groups and individuals as to the appropriate course of action
to be followed to prevent wilful destruction or damage occurring
in breach of conservation area and related legislation when the
statutory bodies charged with enforcement of the legislation fail
(iii) For cemeteries within conservation
areas the minimum volume requirement before individual monuments
gain protection should be abolished;
(iv) Specific guidance should be provided
by Government in DCMS/DETR PPG 15 as to the importance of conserving
and maintaining cemeteries of significant historic, architectural,
landscape, and/or nature conservation value;
(v) The implications of Chancellor Gray's
Consistory Court judgment as to surrounding historic monuments
being within the curtilage of listed tombstones might usefully
be explored in other cemeteries [at Norwood with 64 listed tombs
from 1993, the curtilage was defined as the boundary wall/railings
of the cemetery]; and
(vi) Cemetery owners should be reminded of
the requirement to obtain a Faculty to permit any operations on
8. In 1994 the Consistory Court ordered
the restoration of the listed monuments that had disappeared and
the repair of those damaged since 1989. The Council has reinstated
the tombs of Sir William Cubitt (d. 1861) and John Garrett (d.
1881). Repairs to the other listed monuments cited in the judgment,
including those of JW Gilbart (d. 1863) and the Revd. William
Morley Punshon (d. 1881), have also been completed. Other listed
monuments repaired with funds from various sources include those
of Anne Farrow (d. 1854), Sir Henry Tate (d. 1899), Sir Henry
Doulton (d. 1897), and Baron Julius de Reuter (d. 1899). A number
of other important monuments have also been restored. However,
there is still a vast backlog of work required to surviving monuments
not only to preserve them for future generations, but also to
ensure a safe environment for present-day cemetery visitors. It
is acknowledged by all parties that the fabric of the cemetery
(as well as, to a lesser extent, the cemetery's documentary records)
had deteriorated considerably by 1966 when the Council acquired
it. A further highly relevant consideration is the pressure on
Council funds from many sources.
9. The iron gates and railings at the Cemetery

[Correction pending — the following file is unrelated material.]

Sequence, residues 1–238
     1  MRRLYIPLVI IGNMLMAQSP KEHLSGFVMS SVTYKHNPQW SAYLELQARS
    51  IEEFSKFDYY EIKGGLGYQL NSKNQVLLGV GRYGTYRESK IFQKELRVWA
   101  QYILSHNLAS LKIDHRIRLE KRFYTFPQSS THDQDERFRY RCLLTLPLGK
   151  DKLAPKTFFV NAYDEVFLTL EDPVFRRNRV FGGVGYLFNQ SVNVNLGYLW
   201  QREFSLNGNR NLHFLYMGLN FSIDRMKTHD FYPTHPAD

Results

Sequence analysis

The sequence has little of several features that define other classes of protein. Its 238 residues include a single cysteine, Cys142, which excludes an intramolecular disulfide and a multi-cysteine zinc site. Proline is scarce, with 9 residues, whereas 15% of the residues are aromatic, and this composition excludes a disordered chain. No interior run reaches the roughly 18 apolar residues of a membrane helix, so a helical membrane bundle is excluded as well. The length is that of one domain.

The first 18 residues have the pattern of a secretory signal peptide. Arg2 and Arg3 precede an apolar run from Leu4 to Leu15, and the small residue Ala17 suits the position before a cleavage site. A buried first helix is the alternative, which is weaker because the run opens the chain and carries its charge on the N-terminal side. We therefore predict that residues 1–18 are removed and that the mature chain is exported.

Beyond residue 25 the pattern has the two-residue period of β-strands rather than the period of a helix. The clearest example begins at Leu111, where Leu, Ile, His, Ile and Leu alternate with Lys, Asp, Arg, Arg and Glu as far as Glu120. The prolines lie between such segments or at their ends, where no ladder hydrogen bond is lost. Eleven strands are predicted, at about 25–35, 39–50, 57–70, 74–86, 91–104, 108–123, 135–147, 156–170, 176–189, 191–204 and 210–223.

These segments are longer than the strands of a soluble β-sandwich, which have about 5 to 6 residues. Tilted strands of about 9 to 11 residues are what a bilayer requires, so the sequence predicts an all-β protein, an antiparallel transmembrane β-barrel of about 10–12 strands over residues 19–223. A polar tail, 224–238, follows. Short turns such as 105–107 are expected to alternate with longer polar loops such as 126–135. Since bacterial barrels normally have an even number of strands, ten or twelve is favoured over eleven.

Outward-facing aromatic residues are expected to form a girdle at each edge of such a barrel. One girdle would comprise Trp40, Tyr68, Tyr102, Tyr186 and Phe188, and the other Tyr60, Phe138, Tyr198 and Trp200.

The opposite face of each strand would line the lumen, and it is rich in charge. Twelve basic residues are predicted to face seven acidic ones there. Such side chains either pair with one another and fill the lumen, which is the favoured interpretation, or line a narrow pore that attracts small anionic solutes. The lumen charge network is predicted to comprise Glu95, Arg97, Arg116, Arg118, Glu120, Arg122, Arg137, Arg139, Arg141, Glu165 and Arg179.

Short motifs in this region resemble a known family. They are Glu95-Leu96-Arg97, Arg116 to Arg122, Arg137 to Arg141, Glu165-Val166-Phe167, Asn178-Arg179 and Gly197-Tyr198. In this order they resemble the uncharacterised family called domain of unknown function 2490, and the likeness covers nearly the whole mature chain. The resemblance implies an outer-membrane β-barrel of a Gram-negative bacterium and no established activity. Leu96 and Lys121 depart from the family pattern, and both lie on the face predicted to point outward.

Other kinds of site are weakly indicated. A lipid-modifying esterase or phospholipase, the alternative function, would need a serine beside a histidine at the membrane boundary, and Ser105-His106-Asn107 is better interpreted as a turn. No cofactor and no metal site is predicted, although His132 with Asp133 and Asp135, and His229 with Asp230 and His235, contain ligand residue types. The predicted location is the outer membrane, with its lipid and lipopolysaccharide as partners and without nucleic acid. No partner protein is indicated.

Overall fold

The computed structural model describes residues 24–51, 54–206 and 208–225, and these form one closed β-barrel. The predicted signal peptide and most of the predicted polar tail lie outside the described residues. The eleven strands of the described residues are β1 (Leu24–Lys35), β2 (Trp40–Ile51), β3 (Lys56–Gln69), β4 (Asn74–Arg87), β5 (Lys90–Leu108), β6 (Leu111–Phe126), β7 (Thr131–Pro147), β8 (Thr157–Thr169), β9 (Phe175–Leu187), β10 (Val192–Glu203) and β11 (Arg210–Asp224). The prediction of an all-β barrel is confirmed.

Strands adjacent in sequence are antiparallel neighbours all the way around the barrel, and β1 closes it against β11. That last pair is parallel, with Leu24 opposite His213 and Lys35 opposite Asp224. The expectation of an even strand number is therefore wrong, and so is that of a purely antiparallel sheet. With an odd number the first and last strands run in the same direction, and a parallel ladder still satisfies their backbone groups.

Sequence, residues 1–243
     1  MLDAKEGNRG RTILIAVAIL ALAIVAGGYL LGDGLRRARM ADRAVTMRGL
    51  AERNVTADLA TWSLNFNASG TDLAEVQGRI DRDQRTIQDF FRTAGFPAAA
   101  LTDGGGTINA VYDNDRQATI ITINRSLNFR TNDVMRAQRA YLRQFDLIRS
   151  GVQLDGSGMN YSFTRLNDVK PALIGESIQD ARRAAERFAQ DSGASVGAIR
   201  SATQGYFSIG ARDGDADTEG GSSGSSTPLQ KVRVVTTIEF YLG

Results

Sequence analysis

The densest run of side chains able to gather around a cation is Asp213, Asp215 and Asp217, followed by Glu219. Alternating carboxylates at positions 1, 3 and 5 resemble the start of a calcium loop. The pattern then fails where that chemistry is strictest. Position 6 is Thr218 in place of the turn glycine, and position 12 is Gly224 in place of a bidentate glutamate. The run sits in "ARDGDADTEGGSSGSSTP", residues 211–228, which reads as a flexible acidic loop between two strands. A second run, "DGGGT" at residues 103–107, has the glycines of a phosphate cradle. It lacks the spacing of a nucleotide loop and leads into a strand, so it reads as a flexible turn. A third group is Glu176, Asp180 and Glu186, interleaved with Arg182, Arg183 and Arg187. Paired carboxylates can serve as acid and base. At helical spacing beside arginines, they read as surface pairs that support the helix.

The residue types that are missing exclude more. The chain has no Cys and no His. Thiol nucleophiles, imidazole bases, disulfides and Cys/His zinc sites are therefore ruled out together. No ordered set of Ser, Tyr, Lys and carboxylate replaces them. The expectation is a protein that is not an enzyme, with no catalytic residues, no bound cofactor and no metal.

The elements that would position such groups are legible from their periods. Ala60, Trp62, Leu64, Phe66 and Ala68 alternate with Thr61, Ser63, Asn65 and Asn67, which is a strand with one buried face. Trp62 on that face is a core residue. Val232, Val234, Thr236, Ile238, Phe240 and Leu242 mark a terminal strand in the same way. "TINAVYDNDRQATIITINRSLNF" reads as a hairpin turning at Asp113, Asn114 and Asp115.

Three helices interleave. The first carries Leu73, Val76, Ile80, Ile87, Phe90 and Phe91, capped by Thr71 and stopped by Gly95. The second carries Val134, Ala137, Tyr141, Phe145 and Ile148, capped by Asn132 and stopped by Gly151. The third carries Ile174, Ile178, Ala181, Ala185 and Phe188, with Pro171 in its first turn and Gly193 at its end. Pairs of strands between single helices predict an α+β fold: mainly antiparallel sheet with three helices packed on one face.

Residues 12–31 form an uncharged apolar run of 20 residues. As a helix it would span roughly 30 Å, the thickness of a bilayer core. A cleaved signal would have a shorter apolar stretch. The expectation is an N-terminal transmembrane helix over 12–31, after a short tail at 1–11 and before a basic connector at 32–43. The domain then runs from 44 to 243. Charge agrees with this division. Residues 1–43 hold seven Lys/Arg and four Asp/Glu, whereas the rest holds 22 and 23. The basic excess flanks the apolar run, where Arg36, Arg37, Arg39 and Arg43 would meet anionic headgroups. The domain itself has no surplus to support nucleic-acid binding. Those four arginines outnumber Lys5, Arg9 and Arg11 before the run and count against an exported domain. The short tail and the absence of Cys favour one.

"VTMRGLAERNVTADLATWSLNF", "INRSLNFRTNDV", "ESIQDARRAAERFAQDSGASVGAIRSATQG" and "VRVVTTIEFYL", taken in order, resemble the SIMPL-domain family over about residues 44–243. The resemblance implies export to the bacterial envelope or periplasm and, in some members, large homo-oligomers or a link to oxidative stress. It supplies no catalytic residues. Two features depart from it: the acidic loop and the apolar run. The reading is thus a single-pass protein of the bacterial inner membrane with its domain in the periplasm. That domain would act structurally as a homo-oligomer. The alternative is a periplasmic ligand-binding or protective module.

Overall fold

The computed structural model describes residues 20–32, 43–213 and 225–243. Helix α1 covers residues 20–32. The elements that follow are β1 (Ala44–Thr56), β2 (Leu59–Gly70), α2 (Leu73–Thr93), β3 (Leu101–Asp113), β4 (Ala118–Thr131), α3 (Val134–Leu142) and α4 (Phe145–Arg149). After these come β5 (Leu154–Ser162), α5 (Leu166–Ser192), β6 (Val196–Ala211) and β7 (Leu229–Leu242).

entrance have been renovated by the Council and painted light
brown ("spice") to conform to their original colouring.
The rest of the railings on Robson Road are to be painted in the
same colour, whilst the railings near to Auckland Hill are to
be painted a shade of green. Reconstruction of the wall in the
SE corner of the Cemetery was completed in 1999 and repairs to
the northern boundary wall are in progress. Major areas of continuing
concern are (i) the continued deterioration of the Grade II listed
Catacombs and their associated coffins beneath the site of the
former Episcopal mortuary chapel, and (ii)) the extensive invasion
of scrub into parts of the cemetery containing the greatest concentration
of historic memorials and the consequent damage to memorials this
10. Although re-sale of unused burial
space in private graves for new interments was not envisaged when
the "lawn conversion" was started at Norwood, statutory
instruments (1974 and 1977 Local Authorities Cemeteries Orders)
allowed this to be done in certain cases where there had been
no burial for 100 (later 75) years. At Norwood the Council started
to resell unused space in private graves under the mistaken belief
that this was authorised under these orders. However, resale of
private graves was deemed illegal at Norwood by the 1994 Consistory
Court judgment, which the Council did not appeal. Most recently
the Council have sought to rely on the provisions of Section 9
of the Greater London Council (General Powers) Act 1976 to regularise,
insofar as is legally possible, the former resale of unused grave